This passage was attributed to Menander Protector by Bernhardy, who, influenced apparently by Men. Prot. fr. 43 (F.H.G. iv. 245), suggested that here the name disguised the of Menander. This explanation, besides interfering with the text without due cause, ignores altogether the name .
In fact, the incident occurs a century earlier, in the period A.D. 467–70. Anagastes is then found in Roman service in Thrace during the reign of Leo (cf. Priscus, frs. 38–39, F.H.G. iv. 108–9). Moreover, the name of Anagastes is linked with an easily recognized variant of in Jo. Ant., fr. 205 (F.H.G. iv. 616):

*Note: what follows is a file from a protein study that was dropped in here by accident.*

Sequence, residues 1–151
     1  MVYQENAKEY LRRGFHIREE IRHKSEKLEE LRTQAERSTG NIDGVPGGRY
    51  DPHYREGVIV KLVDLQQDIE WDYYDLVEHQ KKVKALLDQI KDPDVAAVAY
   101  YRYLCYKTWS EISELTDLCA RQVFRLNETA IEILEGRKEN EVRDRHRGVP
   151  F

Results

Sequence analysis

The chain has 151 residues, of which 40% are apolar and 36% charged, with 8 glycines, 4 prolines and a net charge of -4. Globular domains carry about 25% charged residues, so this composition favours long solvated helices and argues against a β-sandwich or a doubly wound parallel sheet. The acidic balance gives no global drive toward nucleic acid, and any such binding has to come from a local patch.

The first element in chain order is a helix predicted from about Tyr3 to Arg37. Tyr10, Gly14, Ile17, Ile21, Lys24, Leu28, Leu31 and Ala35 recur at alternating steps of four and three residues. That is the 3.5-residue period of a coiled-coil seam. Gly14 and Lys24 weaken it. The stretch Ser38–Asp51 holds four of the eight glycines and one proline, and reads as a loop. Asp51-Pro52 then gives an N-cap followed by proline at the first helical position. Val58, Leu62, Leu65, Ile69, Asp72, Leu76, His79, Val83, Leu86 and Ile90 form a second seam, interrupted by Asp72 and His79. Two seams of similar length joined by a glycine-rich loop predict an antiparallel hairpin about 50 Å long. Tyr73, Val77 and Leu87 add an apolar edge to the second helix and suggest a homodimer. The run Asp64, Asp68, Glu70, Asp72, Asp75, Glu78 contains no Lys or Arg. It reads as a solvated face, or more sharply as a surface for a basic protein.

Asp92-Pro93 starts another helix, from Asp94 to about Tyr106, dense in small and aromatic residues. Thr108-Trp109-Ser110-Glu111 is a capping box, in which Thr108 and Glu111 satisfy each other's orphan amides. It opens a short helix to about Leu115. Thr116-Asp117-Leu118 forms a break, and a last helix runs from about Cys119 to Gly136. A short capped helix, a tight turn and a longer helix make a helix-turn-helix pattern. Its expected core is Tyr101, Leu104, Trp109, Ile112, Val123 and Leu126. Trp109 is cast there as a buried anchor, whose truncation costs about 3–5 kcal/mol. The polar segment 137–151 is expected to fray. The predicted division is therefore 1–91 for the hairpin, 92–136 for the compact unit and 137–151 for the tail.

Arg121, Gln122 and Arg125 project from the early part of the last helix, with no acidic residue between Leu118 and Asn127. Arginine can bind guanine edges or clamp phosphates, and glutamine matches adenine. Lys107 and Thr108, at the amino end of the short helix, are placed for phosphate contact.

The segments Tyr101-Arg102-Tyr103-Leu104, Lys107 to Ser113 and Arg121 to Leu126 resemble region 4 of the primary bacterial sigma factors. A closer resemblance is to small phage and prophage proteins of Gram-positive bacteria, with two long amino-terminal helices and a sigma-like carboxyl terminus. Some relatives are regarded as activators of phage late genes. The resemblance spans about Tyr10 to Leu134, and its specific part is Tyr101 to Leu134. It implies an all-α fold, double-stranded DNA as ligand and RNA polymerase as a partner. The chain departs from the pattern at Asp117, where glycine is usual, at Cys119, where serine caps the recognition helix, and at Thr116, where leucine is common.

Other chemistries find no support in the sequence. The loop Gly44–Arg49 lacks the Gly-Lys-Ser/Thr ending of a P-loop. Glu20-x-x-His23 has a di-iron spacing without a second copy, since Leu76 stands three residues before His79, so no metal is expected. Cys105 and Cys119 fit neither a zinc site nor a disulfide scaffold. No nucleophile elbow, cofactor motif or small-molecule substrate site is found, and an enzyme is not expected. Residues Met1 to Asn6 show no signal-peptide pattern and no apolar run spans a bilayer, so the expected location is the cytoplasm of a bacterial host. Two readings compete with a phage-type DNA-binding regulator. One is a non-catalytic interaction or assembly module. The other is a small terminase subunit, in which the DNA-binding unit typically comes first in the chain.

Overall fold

Email your librarian or administrator to recommend adding this journal to your organisation's collection.
* Views captured on Cambridge Core between September 2016 - 26th May 2017. This data will be updated every 24 hours.